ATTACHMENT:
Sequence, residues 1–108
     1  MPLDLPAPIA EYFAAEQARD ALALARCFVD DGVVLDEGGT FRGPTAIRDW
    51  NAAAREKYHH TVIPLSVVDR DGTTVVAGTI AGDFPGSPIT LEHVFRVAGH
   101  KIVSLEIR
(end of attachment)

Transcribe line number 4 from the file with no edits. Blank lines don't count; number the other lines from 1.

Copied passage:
   101  KIVSLEIR